“We are given passion to rise like the sun in our minds with the new day and burn the debris of habit and greed and fear.”
The poem, “Nishmat,” by Marge Piercy, could be an anthem for cancer patients.
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Where does a “will to live” come from. I never thought about this before my cancer diagnosis. Since then, however, I’ve been surprised to discover how strong my will is.
Friends ask me what this sense of will feels like. It’s hard to articulate, other than to say I feel that if I can get though one day, I can get through the next. It’s easier for me to feel strong in the immediate. I feel arrogant making long-term plans.
A couple of times, when I felt overwhelmed by infections and other complications, I thought maybe I was wrong about all this, and my confidence in my will to survive was hubris.
I think about death sometimes, and it terrifies me. In my innermost core, though, I almost never feel as if my cancer will kill me. Maybe I’ll fall down a flight of stairs, be hit by a truck, or die from some strange disease. I just don’t think it will be brain cancer.
I wonder, is this will to live a natural, animal instinct? Or does it stem from a life-giving spark God bestows on all creatures at birth? Why do some folks have it and others don’t? Is it a blessing bestowed on some, but not others?
The hardest time to have faith is after a bad MRI test. I had one last week, a few days after my bar mitzvah. I’d been feeling great, and friends and relatives kept telling me how healthy I looked, and then after 20 minutes’ worth of high-tech imaging (an MRI produces a super-detailed, X-ray-like picture using powerful magnets instead of radiation) came the verdict: My tumor had grown larger since my last test a few months ago.
I expected to hear the opposite.
I’ve had so many bad tests since my recurrence was diagnosed last December, and each gets tougher to deal with. Not only do I hear the news and absorb the terror that comes with it, but I have spread it around to family and friends. It’s enough to bear the pain, doubly hard to be the cause of it for others. The feeling of powerlessness is overwhelming. There’s no place to hide.
But there’s no way to ignore the big, white spot in my cerebellum on the film, and it’s at these times that maintaining a sense of hope and faith is a struggle.
The alternative would be to relax and give in to fear and self-pity. I feel as if I’m hanging by a thread from a tall building. I can get hysterical and risk breaking the thread, or I can try to stay calm, and hope the thread will hold long enough for the next chemotherapy drug on the menu to shrink the tumor.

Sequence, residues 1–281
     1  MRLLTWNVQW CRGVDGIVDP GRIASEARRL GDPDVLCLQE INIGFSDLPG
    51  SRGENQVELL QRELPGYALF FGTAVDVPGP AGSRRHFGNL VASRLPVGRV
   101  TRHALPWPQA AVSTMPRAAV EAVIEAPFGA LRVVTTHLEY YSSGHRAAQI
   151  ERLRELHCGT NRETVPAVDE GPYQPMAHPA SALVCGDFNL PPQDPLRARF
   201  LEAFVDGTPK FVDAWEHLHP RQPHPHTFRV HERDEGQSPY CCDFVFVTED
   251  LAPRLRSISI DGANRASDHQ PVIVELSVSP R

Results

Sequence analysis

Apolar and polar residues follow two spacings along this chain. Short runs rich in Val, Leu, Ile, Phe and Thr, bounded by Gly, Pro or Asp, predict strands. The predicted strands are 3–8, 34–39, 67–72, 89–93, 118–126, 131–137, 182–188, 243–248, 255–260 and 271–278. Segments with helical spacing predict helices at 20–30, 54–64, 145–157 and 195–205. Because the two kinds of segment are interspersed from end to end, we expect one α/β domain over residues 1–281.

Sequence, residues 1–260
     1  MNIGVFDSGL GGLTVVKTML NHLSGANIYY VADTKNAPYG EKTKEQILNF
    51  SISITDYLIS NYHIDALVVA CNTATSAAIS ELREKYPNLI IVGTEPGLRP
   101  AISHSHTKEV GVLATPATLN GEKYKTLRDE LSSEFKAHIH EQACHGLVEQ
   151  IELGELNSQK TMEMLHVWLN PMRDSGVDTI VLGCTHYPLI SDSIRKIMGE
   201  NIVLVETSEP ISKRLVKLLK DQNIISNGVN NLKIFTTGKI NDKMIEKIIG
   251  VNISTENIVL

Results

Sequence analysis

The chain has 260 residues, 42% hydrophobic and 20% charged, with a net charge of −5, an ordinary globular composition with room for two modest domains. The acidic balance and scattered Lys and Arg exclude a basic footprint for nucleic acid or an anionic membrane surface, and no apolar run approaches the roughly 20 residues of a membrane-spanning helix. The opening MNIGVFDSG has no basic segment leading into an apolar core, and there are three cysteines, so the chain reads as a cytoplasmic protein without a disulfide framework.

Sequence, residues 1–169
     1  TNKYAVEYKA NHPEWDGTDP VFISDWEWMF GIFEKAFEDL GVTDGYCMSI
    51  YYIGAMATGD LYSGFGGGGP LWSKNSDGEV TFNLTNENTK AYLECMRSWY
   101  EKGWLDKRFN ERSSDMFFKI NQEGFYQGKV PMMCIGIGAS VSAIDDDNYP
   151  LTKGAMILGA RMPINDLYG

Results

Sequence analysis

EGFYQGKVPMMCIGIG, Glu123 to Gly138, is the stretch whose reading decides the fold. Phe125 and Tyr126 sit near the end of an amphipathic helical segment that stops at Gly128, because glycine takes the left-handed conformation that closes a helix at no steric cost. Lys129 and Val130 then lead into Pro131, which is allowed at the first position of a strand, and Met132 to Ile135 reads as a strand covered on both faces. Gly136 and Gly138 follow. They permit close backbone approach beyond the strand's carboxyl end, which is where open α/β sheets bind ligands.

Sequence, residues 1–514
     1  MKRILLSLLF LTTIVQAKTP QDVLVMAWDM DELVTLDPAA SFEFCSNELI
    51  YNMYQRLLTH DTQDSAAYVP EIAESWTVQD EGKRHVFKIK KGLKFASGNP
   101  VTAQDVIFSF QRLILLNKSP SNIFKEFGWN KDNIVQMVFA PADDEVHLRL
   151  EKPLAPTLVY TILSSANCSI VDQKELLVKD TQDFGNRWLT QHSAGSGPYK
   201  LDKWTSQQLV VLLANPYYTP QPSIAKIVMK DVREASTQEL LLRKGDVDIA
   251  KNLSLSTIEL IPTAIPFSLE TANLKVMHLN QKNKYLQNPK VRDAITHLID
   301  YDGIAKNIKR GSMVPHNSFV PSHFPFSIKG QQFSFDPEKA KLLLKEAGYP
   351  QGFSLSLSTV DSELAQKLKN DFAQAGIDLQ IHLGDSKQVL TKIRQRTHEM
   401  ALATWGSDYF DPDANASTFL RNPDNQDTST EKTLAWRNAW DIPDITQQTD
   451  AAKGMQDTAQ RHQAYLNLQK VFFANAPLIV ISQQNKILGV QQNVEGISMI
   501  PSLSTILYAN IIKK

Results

I guess the really true test of faith is believing that something will happen the way you want, even when the evidence is stacked in favor of the opposite outcome.
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People have sent me lots of letters since I began this series. Most tell me, among other things, that they’re praying for my health.
I like getting these letters, and keep three large boxes of them under my bed, hoping that the positive energy that went into their writing will somehow keep my cancer at bay.
During one hospitalization, I actually thought I felt the collective power of this support. In the midst of a life-threatening crisis, I felt a warmth and calmness come into and inhabit my otherwise sterile hospital room. I know it sounds weird.
I’ve also gotten letters urging me to accept one or another particular interpretation of God, and that by doing so and asking for salvation, I might enjoy eternal life.
Some correspondents have suggested that if I aim for this eternal life, it might take the sting out of the thought of losing the life I have now. When I read these letters, I try and focus on the good intent behind them. The idea itself makes me uncomfortable.
I understand why people who experience tremendous pain and hardship in their lives might choose to focus on having another life in a more ethereal realm.
Maybe I haven’t experienced enough pain or hardship to feel that way yet. I like my life here on Earth. I’ve been lucky enough to have been born in a place, and lived in a style, full of opportunity for satisfaction and joy, and think I would feel greedy thinking I deserve more time or better time in a “next life.”
There are too many things I want to do in this life to start thinking about another one someplace else. I’m not sure that I’m cut out for an afterlife.
Rather, I’d like to focus my energy on recognizing the clues to God’s existence that seem to be strewn across my daily landscape.
A gaggle of preschoolers who are trying to keep their line straight by holding on to a piece of rope while not running into each other; the peace of a predawn walk with my dog, Beasley; the inspiration of a melody; or the middle-of-the-night kindness of a nurse.
I suppose you can base a belief in God on a lot of different things you find in a lot of different places. For me, though, in my life with cancer, they seem best appreciated one day at a time.
In March 1994, education reporter Drew Silvern was diagnosed with brain cancer. After undergoing surgery, radiation and nearly a year of chemotherapy, he thought he was cancer-free, but the tumor has returned. This is one in an occasional series on living with cancer.
Reproduced with permission from the San Diego Union-Tribune.